Tuesday, November 30, 2010

Snow Fence

 Farmer Fred is very familiar with snow fences. They are temporary fences built to stop blowing snow, or to keep snowmobiles and skiers from cutting across an area during the winter. We have a prevailing Northwest wind that blows the cold and snow down. That is the direction from which most snow drifts into GriggsDakota.
We decided to try to protect the road and bin site.
 Last winter the snow drifted across this field,
blew over the road and drifted up around the bins. 
We spent hours moving snow and there is no getting around that. We are just hoping to reduce the amount of snow that we have to move this winter.
The fence must be sturdy because of our severe winds and, of course, snow. 
Strong wooden slat rolls of fencing, sturdy steel fence posts, and heavy wire clips make up the fence. We did research online and discovered advice on how to make the fence even more effective, but this year we are making a simple, straight fence on the ground. 
 This fence is an experiment. If it helps to reduce the snow on the road and by the bins, we may try improving our 
methods in the future. 
I'll be updating your from time to time as the winter progresses. 
So far, so good.

Monday, November 29, 2010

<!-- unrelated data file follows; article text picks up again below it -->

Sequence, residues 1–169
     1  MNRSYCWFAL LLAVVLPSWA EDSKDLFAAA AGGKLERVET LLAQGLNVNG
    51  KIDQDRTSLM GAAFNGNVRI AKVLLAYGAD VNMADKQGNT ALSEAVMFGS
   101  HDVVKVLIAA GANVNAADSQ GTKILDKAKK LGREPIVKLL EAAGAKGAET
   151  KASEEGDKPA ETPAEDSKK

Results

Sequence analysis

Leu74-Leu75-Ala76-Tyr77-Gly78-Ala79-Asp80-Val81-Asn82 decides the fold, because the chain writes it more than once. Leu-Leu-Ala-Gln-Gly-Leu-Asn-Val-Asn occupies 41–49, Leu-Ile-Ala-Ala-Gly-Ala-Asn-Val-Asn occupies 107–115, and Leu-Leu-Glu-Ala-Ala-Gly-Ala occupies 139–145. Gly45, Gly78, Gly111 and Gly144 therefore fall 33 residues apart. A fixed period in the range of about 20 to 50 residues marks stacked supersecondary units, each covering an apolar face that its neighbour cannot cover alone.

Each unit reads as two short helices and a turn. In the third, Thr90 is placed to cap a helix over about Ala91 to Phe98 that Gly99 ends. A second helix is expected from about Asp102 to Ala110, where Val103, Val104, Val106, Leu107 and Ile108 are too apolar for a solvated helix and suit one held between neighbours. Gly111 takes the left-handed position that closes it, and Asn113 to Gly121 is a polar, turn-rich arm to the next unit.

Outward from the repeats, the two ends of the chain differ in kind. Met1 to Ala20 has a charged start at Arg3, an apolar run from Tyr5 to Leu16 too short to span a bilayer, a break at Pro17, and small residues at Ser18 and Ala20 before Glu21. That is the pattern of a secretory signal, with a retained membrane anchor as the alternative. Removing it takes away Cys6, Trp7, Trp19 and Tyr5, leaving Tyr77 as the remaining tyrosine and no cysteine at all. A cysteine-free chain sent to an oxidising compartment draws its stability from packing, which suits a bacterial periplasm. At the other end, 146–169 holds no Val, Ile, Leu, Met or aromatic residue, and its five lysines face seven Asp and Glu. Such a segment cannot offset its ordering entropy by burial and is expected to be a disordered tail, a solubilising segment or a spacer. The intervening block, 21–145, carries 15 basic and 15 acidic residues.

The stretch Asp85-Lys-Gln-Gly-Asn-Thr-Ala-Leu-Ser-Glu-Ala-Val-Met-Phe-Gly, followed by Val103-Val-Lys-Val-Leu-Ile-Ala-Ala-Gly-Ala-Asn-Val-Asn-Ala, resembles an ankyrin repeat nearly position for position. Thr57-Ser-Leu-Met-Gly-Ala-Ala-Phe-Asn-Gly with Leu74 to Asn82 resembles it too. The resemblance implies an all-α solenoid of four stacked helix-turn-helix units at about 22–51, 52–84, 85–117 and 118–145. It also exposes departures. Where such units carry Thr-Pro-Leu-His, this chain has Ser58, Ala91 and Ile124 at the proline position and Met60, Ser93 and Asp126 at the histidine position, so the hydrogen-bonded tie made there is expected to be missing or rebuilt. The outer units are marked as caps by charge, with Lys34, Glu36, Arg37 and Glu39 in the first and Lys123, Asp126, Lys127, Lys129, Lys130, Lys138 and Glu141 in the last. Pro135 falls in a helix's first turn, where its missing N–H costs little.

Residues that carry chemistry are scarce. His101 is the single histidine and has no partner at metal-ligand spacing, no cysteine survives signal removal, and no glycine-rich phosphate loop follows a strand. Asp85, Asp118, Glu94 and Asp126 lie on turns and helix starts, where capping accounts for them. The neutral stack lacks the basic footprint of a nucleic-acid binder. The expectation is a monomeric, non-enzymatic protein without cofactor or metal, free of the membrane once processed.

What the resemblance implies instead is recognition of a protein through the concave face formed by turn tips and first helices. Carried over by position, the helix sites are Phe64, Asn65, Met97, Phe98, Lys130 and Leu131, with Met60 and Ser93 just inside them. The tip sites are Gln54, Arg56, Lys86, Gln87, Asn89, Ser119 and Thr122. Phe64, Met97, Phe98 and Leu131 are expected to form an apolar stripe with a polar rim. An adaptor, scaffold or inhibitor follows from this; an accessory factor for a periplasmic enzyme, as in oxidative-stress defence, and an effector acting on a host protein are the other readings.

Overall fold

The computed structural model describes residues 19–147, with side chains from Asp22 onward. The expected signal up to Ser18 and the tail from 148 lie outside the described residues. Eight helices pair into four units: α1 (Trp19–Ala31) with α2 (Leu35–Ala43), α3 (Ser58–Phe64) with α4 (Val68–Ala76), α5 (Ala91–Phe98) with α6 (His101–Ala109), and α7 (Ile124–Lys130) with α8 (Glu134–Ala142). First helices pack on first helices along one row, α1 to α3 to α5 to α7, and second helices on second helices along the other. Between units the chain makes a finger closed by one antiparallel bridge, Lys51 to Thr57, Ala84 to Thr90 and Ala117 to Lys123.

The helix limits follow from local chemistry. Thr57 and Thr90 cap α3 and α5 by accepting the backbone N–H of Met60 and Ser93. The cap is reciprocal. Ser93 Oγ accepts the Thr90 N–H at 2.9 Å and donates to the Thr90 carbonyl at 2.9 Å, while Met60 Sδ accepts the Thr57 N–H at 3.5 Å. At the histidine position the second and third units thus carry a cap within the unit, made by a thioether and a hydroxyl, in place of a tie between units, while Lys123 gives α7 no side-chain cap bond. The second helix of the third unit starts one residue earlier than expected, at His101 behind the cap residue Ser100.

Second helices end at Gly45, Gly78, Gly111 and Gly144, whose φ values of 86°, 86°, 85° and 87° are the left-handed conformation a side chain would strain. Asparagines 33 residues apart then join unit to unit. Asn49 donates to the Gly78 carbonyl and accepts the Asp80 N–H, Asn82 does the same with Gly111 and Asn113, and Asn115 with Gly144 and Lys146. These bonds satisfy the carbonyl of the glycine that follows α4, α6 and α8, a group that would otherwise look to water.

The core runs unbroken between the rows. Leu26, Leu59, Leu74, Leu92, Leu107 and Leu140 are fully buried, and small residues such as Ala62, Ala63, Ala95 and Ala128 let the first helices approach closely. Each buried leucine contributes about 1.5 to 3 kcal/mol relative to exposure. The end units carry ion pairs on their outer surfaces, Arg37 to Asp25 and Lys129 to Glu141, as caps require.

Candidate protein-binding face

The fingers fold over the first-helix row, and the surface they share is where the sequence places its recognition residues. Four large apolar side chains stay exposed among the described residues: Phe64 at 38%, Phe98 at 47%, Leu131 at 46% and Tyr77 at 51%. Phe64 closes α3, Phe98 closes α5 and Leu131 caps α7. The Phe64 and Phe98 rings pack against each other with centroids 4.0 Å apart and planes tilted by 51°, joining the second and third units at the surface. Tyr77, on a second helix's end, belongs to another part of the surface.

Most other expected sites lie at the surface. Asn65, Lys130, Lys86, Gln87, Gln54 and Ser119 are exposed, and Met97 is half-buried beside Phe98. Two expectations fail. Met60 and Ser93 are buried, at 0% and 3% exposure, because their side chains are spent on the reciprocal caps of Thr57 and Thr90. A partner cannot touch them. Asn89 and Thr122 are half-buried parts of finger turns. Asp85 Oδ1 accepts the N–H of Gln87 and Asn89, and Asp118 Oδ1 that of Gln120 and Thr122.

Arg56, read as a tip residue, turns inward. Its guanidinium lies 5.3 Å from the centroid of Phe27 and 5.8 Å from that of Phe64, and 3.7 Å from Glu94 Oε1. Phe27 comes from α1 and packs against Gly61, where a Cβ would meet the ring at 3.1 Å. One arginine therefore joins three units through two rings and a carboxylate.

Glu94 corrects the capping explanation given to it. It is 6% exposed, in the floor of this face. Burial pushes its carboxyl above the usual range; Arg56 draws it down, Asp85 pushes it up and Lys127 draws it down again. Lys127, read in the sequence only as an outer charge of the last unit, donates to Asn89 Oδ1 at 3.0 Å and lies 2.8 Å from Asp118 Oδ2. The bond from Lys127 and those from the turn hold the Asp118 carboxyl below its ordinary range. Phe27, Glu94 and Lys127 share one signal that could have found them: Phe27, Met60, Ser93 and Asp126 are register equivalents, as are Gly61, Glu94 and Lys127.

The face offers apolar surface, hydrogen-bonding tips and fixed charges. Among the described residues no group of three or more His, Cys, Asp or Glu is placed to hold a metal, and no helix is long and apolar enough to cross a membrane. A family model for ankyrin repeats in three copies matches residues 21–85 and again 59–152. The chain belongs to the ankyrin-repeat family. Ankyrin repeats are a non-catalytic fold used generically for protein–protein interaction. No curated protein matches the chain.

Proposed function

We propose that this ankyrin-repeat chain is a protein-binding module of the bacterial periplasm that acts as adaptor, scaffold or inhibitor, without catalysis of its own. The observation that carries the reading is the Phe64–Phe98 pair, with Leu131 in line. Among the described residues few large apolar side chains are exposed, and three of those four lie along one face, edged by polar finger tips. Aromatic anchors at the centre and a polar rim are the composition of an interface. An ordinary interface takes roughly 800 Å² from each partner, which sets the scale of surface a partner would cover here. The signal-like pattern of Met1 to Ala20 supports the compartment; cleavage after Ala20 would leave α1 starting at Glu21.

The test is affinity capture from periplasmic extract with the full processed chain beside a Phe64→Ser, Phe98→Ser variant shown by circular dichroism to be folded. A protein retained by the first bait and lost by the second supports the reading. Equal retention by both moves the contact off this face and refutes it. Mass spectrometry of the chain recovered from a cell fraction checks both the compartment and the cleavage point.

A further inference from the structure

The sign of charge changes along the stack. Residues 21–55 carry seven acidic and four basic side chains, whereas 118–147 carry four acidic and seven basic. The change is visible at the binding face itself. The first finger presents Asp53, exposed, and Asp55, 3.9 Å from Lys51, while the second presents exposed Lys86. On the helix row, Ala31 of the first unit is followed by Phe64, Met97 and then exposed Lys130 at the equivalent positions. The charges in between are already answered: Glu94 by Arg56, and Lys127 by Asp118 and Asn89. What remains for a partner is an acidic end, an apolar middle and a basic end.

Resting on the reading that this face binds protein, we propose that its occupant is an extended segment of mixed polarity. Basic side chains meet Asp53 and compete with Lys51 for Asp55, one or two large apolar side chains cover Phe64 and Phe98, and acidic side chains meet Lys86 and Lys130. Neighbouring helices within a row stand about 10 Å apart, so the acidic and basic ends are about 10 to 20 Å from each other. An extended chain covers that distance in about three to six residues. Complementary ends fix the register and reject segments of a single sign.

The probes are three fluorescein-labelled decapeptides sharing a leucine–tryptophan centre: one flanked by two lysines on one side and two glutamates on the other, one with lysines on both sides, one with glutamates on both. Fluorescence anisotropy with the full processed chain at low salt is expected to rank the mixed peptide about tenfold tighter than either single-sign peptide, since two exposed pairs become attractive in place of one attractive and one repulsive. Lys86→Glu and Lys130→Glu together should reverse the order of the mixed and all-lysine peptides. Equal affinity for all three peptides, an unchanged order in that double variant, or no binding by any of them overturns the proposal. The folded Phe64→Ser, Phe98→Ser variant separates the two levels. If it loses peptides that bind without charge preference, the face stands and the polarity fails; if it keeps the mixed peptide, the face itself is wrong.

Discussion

Eager Beavers


The Fall season has been wet in GriggsDakota and we have water in all the sloughs and creeks. This creek has become home to an impressive series of beaver dams.
 The water is still running, even as freeze up is upon us. The sound of running water is attractive to beaver. They listen for the sound and build dams to stop it. Work, work, work, that is the life of a beaver. If you would like to learn more about Beavers in Dakota click on the link to learn more.
 The beaver are generally nocturnal, but we do see them occasionally in GriggsDakota. It was all quiet when I visited their stomping grounds recently, but their presence was unmistakable.
Trees had been chewed off 
 dragged across the trail
into the grass 
and down a well worn beaver path. 
 They cut these trees to eat and build an underground home with an air vent to keep them snug through the cold winter.
 Their flat tail packs mud and reeds into useful structures. Their fur coat becomes thick and dense. Beaver pelts have traditionally been prized for their extreme warmth.